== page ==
US President Donald Trump departs after visiting the National Museum of African American History and Culture on the National Mall in Washington, US, 21 February 2017 Reuters/Jonathan Ernst

America's top election official is fighting back after a group funded by the Koch brothers demanded she be investigated for calling on President Donald Trump to back up his claims of voter fraud.

"I will not be silenced," wrote Ellen Weintraub, Commissioner of the US Federal Election Commission (FEC), in a letter to the election body's inspector general late Tuesday (21 February).

Weintraub's defiance and defence of her right to call for evidence of voter fraud followed a request for her to be investigated filed with the oversight body earlier in the day. It was made by the Cause Of Action Institute, a legal advocacy group backed by the Conservative Koch brothers' network.

The "CoA Institute requests that you open an investigation to determine whether Ellen Weintraub," it said, "violated applicable ethics regulations when she used government property and official time to call on President Trump to provide evidence of his claims of voter fraud in New Hampshire."

On 9 February the president alleged in a meeting with Senators that he would have won an electoral victory in New Hampshire if voters hadn't been bused in from out of state.

Trump has repeatedly made claims of massive, nationwide voter fraud that have been condemned as false by both Republicans and Democrats. A "major investigation" into the issue Trump promised after his inauguration has not yet been launched.

In response to the president's recent claims about New Hampshire, Weintraub called on Trump to "immediately share his evidence with the public and with the appropriate law-enforcement authorities" so it could be "investigated promptly and thoroughly." If true, she said, the charge would "constitute thousands of felony criminal offenses under New Hampshire law."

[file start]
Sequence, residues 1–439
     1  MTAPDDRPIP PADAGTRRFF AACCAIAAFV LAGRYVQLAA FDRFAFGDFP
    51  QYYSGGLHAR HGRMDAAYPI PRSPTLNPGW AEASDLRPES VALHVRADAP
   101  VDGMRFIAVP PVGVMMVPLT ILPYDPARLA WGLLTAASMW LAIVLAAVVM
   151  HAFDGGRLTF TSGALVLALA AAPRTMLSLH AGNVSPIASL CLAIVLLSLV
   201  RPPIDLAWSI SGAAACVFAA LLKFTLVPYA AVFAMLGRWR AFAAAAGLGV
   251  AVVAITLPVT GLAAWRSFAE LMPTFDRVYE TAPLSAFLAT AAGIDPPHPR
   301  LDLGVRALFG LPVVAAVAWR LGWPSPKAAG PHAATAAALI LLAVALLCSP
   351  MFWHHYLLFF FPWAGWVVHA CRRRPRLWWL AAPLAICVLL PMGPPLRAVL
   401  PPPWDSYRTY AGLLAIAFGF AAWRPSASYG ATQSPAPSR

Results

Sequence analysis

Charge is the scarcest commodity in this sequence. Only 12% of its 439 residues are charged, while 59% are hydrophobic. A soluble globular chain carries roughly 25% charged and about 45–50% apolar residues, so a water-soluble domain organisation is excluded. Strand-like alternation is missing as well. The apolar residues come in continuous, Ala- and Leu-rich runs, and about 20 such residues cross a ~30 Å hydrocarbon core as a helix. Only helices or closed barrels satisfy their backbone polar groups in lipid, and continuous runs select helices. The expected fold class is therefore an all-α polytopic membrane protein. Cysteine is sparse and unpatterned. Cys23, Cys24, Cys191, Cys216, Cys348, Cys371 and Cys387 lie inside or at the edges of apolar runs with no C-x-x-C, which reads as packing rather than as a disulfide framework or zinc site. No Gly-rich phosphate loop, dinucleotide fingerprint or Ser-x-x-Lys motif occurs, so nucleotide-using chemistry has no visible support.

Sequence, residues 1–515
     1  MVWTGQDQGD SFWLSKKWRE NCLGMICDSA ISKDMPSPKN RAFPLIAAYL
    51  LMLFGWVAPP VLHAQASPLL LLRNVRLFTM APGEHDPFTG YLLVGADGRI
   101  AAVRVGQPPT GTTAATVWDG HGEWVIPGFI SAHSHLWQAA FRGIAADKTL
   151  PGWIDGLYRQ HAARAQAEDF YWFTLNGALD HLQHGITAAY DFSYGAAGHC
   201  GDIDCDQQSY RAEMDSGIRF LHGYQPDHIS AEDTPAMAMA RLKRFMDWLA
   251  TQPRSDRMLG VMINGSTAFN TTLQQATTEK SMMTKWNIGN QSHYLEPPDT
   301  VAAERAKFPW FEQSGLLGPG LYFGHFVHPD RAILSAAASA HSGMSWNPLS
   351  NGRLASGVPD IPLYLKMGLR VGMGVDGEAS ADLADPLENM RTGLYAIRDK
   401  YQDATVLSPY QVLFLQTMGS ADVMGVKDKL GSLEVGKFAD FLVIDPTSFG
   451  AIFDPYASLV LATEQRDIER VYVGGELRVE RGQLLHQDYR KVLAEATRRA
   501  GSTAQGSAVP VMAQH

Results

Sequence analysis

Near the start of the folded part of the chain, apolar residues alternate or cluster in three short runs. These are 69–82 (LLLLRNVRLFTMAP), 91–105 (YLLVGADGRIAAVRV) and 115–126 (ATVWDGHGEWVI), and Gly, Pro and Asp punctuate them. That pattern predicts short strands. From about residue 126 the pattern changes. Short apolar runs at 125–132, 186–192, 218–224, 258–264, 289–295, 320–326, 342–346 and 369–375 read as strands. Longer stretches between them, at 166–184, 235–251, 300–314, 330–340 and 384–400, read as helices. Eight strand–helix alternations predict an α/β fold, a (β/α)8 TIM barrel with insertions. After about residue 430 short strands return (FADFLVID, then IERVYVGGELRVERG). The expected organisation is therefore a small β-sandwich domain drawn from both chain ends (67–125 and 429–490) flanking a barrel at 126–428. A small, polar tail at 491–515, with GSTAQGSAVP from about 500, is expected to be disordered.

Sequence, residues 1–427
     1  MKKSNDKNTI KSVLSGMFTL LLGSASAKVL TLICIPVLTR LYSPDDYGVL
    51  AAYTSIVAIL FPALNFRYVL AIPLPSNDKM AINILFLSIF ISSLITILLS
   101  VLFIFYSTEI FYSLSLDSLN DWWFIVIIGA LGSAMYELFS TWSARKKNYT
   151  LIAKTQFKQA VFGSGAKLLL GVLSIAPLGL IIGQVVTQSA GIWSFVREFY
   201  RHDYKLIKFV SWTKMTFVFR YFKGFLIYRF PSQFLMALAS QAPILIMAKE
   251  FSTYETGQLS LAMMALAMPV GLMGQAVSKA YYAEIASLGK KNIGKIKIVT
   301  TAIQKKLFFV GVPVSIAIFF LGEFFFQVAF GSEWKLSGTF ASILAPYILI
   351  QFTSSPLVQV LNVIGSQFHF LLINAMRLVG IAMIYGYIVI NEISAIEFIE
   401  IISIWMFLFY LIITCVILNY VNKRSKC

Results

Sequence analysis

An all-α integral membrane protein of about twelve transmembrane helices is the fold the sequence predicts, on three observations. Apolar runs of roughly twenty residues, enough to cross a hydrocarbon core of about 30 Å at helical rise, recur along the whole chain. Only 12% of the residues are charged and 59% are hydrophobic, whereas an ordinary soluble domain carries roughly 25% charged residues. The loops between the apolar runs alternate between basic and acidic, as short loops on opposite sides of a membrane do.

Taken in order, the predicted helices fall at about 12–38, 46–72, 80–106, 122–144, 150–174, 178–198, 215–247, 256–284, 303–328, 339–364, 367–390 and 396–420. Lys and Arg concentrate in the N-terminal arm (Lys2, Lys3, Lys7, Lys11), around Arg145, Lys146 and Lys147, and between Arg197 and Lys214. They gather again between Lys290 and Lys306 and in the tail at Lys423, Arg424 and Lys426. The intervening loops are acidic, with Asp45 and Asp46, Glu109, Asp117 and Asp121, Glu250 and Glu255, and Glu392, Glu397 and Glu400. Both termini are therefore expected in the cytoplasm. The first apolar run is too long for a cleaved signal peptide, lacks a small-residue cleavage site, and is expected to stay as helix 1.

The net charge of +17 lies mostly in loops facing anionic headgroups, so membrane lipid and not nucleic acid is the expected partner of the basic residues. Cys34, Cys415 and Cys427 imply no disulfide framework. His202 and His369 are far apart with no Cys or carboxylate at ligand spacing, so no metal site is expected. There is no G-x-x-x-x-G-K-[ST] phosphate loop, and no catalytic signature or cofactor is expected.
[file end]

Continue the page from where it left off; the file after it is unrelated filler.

One of Trump's top aides, Stephen Miller, echoed his allegations in an interview with ABC News on 12 February, saying "this issue of busing voters in to New Hampshire is widely known by anyone who's worked in New Hampshire politics." He said that voters were being brought in by the busload from Massachusetts.

Yet Miller's claims were dismissed by Trump's former campaign manager Corey Lewandowski, who lives in New Hampshire and worked in politics in the state, during a CNN interview on Monday (21 February). "I live on the border," Lewandowski said, and "I didn't see buses coming across the line."

"The President of the United States has, without providing evidence, alleged a massive conspiracy to bus thousands of voters from one state to another to cast illegal votes in the 2016 elections," said Weintraub in her defence.

Allegations challenging the legitimacy of federal elections fall squarely within her duties and jurisdiction, she wrote, as the FEC can investigate violations of election law.

"Since the expense of these buses has not been accounted for on any campaign-finance filing," she said. "I have asked the president for his evidence."